The play is very funny, and has a lot to say about the Kafka-esque world of show business. It also has some rather irritating improbabilities. It seems that Harry is only to cover for Jake. Jake does his role, and is covering for Bruce, the A-List star who is not present at the rehearsal. In the Real World, Harry would be understudying both roles. No way would a movie star – even a B-Lister – be covering another role. Ms. Rebeck has done this, I think, because she wants to have a better possibility that Harry might actually go on. But it just doesn’t make sense. Also in the doesn’t-make-sense category is the off stage role of the techie. In the Real World, she would be fired faster than you could say “metamorphosis.” Ms. Rebeck has failed to provide a credible reason why she hasn’t been sacked, such as she’s the director’s/producer’s girlfriend or something. This device gets a lotta laffs; but, again, it doesn’t make sense. Also: When Harry arrives for the rehearsal Roxanne is surprised to see him, because the name she has on her call sheet is not his name. Turns out, Harry has recently changed his name. Here’s a guy with a lot of stage credits. It could Never Happen that such an actor would change his name, unless he has a Secret Reason for doing so – which Ms. Rebeck fails to provide. The playwright needs Harry to have a different name in order to surprise Roxanne. That’s not the right reason.
Aside from these minor quibbles, if you can suspend your disbelief regarding them you’ll have a good time at The Understudy. Julie White is a scream as Roxanne, and Justin Kirk and Mark-Paul Gosselaar are delightful as Harry and Jake.
I also enjoyed The Actors Company Theatre (TACT) production of Sidney Howard’s The Late Christopher Bean, at the Clurman Theatre in Theatre Row, a very amusing comedy from the 1930s still in print and still produced (mostly by community theatres) which appears to be getting its first NYC revival since the original production. It takes place in a small New England town, in the home of a local doctor. Several years before the play begins, the doctor gave lodging to the eponymous character, a struggling artist who died of TB, obscure and unknown. All of a sudden, people from New York start showing up on his doorstep, asking if he has any of Chris’ paintings laying around. There’s a slick guy who claims to have been his best friend, an unscrupulous art dealer and a prominent art critic. It turns out that Chris Bean’s painting are all the rage in New York, and he is being hailed as a modern master – which makes his paintings extraordinarily valuable. It’s the depths of the depression, money is tight and the doctor just could become rich – if he can come up with the paintings Chris left when he died.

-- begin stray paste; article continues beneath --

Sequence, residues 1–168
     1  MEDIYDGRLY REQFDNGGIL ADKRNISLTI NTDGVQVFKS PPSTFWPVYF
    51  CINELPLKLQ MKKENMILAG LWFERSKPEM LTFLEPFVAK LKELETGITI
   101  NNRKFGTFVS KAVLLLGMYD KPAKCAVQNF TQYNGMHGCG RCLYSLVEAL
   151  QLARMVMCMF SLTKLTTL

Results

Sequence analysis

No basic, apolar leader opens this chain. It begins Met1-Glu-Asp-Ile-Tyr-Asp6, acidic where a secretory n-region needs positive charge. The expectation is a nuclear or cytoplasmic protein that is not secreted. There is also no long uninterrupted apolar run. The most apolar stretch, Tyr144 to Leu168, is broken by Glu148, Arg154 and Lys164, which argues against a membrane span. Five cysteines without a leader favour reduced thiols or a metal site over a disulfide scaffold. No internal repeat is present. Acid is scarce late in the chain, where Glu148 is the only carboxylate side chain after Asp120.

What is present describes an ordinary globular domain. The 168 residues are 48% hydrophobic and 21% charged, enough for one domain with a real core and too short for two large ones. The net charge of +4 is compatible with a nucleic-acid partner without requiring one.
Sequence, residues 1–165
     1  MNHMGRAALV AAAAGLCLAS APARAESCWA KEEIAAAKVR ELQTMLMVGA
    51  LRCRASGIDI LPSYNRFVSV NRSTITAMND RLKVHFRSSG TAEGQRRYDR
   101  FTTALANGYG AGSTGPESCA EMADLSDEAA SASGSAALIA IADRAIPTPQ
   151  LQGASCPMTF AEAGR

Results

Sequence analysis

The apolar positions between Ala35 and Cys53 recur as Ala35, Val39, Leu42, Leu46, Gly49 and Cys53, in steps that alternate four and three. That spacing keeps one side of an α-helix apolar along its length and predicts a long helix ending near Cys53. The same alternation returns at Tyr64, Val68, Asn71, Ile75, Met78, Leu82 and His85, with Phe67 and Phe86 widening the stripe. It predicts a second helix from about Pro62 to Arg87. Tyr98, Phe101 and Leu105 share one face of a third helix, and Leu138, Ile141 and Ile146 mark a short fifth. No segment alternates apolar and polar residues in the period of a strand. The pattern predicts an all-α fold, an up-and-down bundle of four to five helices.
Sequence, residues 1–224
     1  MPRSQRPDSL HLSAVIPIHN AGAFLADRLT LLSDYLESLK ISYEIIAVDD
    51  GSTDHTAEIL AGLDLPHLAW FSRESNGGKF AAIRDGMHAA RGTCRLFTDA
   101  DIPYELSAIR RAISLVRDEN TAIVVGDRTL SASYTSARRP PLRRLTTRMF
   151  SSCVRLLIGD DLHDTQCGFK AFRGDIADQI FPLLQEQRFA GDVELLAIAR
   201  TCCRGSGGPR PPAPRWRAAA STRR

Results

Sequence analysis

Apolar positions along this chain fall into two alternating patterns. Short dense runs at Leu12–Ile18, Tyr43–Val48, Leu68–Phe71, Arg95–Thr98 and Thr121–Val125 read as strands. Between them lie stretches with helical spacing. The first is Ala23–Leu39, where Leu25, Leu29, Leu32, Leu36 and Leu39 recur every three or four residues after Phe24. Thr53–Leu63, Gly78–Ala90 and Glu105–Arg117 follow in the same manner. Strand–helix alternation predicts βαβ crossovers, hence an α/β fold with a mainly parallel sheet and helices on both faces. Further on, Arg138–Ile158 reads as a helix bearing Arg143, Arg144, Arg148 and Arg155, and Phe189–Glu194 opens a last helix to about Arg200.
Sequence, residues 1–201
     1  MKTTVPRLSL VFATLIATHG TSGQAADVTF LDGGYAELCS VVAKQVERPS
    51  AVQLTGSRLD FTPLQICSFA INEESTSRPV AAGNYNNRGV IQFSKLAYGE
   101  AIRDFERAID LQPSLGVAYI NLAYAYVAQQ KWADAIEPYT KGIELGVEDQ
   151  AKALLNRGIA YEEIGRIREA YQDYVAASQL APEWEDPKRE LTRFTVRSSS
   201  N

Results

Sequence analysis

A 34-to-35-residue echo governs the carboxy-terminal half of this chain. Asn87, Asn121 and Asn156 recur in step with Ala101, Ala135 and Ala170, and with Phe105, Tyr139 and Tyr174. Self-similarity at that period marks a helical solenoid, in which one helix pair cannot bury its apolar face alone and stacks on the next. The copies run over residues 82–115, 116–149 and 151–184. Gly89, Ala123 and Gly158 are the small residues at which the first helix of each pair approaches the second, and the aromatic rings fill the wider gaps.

Beautifully constructed, and lovingly staged and acted, The Late Christopher Bean is just plain wonderful. Veteran supporting player James Murtaugh plays the doctor, who gets progressively more consumed with greed, and with desperation, when he can’t come up with the paintings, and he is hilarious. Also good is Mary Bacon as a housemaid who loved Chris Bean; but the entire cast is terrific.
This one, too, is a don’t-miss.
On the other hand, you could stand to miss Enda Walsh’s The New Electric Ballroom, at St. Anne’s Warehouse in Brooklyn. It’s about three Irish sisters who live together in a house which looks, as designed by Sabine Dargent, like a bughouse ward. Two sisters are middle-aged; the third is younger. The two older sisters go on and on about the night each went to the eponymous dance hall, there each to receive her first kiss before being dumped by a callow man whom they saw having it off with another woman in the car park. From time to time, a manic, rather dimwitted fishmonger bursts in, carrying a tray of dead fish, which are deposited in a bin in the floor. He natters on and on about the goings on in the town. In other words, this play is comprised largely of lengthy narrated monologues about the past and about offstage events. The Irish, with their long tradition of story-telling, must have loved this play; whereas I think most Americans will find it extremely tiresome, even though the cast is just great.
OR. Julies Miles Theatre, 424 W. 55th St.
TICKETS: www.telecharge.com. 212-239-6200
CREATURE. Ohio, 66 Wooster St.
THE UNDERSTUDY. Laura Pels Thatre, 111 W. 46th
TICKETS: www.roundabouttheatre.org. 212-719-1300
THE LATE CHRISTOPHER BEAN. Beckett Theatre,
410 W. 42nd St.
TICKETS: www.ticketcentral.com. 212-279-4200
THE NEW ELECTRIC BALLROOM. St. Ann’s
Warehouse, 38 Water St., Brooklyn
“It requires a certain largeness of spirit to give generous appreciation to large achievements. A society with a crabbed spirit and a cynical urge to discount and devalue will find that one day, when it needs to draw upon the reservoirs of excellence, the reservoirs have run dry.”
—– George F. Will